ANO5

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ANO5
Identifiers
AliasesANO5, GDD1, LGMD2L, TMEM16E, anoctamin 5, LGMDR12
External IDsOMIM: 608662 MGI: 3576659 HomoloGene: 100071 GeneCards: ANO5
Orthologs
SpeciesHumanMouse
Entrez
Ensembl
UniProt
RefSeq (mRNA)

NM_001142649
NM_213599

NM_001271879
NM_177694

RefSeq (protein)

NP_001136121
NP_998764

NP_001258808
NP_808362

Location (UCSC)Chr 11: 21.78 – 22.28 MbChr 7: 51.51 – 51.6 Mb
PubMed search[3][4]
Wikidata
View/Edit HumanView/Edit Mouse

Anoctamin 5 (ANO5) is a protein that in humans is encoded by the ANO5 gene.

Function[edit]

The ANO5 gene provides instructions for making a protein called anoctamin-5. While the specific function of this protein is not well understood, it belongs to a family of proteins, called anoctamins, that act as chloride channels. Chloride channels, which transport negatively charged chlorine atoms (chloride ions) in and out of cells, play a key role in a cell's ability to generate and transmit electrical signals. Most anoctamin proteins function as chloride channels that are turned on (activated) in the presence of positively charged calcium atoms (calcium ions); these channels are known as calcium-activated chloride channels. The mechanism for this calcium activation is unclear. Anoctamin proteins are also involved in maintaining the membrane that surrounds cells and repairing the membrane if damaged.[5]

The anoctamin-5 protein is most abundant in muscles used for movement (skeletal muscles). For the body to move normally, skeletal muscles must tense (contract) and relax in a coordinated way. The regulation of chloride flow within muscle cells plays a role in controlling muscle contraction and relaxation.[5]

The anoctamin-5 protein is also found in other cells including heart (cardiac) muscle cells and bone cells. The anoctamin-5 protein may be important for the development of muscle and bone before birth.[5]

Diseases associated with ANO5 mutations[edit]

Limb Girdle Muscular Dystrophy 2L (LGMD2L) and Miyoshi Distal Myopathy 3 (MMD3) These forms of muscular dystrophy are inherited in an autosomal recessive pattern, meaning that to be affected a person must have mutations on both copies of the gene, and males and females are equally likely to be affected. Clinically, LGMD2L and MMD3 were considered different diseases before ANO5 was identified as the responsible gene; LGMD was used to describe initial weakness in proximal muscles (near the center of the body) while MMD to describe initial weakness in distal muscles.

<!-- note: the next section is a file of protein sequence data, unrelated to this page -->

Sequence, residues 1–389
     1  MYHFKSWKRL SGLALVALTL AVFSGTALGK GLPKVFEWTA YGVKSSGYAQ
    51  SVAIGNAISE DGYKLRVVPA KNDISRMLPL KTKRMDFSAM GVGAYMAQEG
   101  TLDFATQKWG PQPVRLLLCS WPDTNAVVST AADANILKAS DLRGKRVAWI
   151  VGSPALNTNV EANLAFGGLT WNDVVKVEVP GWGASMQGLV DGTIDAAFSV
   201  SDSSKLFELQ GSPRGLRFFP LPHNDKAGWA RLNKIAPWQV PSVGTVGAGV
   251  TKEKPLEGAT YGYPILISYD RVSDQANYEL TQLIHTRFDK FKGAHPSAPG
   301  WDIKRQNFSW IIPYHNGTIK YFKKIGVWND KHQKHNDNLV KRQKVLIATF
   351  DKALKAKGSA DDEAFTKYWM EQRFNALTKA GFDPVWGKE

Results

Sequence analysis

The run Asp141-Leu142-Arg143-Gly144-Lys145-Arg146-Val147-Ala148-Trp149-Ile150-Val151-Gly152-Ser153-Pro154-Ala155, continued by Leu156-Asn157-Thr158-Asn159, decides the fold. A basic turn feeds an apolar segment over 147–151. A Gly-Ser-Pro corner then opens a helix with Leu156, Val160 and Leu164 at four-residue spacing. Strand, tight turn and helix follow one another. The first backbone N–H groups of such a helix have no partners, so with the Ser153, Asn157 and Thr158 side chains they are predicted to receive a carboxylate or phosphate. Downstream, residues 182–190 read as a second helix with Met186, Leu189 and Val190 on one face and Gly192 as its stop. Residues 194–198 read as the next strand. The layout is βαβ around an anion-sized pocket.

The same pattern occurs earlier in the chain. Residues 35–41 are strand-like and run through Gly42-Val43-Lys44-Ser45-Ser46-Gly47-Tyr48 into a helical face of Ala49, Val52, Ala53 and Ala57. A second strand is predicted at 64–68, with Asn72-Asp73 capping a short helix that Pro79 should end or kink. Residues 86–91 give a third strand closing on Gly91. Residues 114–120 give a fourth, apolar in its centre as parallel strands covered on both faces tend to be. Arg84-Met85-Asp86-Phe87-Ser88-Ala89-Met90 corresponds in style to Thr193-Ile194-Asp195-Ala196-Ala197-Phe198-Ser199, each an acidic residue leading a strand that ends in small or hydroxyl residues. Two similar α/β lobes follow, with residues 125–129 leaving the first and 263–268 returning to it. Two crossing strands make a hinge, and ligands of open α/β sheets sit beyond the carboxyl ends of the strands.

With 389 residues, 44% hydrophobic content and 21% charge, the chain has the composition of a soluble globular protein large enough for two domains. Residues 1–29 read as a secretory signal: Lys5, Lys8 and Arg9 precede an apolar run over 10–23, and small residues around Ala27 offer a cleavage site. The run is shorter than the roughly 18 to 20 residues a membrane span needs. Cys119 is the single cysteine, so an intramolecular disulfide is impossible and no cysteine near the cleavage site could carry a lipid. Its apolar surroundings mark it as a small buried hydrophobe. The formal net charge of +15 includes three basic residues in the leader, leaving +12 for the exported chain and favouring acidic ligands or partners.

Typical Symptoms[edit]

Other names for this gene[edit]

  • ANO5_HUMAN
  • anoctamin-5
  • GDD1
  • gnathodiaphyseal dysplasia 1 protein
  • integral membrane protein GDD1
  • LGMD2L
  • TMEM16E
  • transmembrane protein 16E[5]

Chromosal location[edit]

  • Cytogenetic location: 11p14.3, which is the short (p) arm of chromosome 11 at position 14.3
  • Molecular location: base pairs 22,192,485 to 22,283,367 on chromosome 11 (Homo sapiens Annotation Release 109, GRCh38.p12) (NCBI)

Credit: Genome Decoration Page/NCBI

References[edit]

  1. ^ a b c GRCh38: Ensembl release 89: ENSG00000171714 - Ensembl, May 2017
  2. ^ a b c GRCm38: Ensembl release 89: ENSMUSG00000055489 - Ensembl, May 2017
  3. ^ "Human PubMed Reference:". National Center for Biotechnology Information, U.S. National Library of Medicine.
  4. ^ "Mouse PubMed Reference:". National Center for Biotechnology Information, U.S. National Library of Medicine.
  5. ^ a b c d "ANO5 gene". Genetics Home Reference. US National Library of Medicine. Retrieved 24 July 2018. Public Domain This article incorporates text from this source, which is in the public domain.

Further reading[edit]

External links[edit]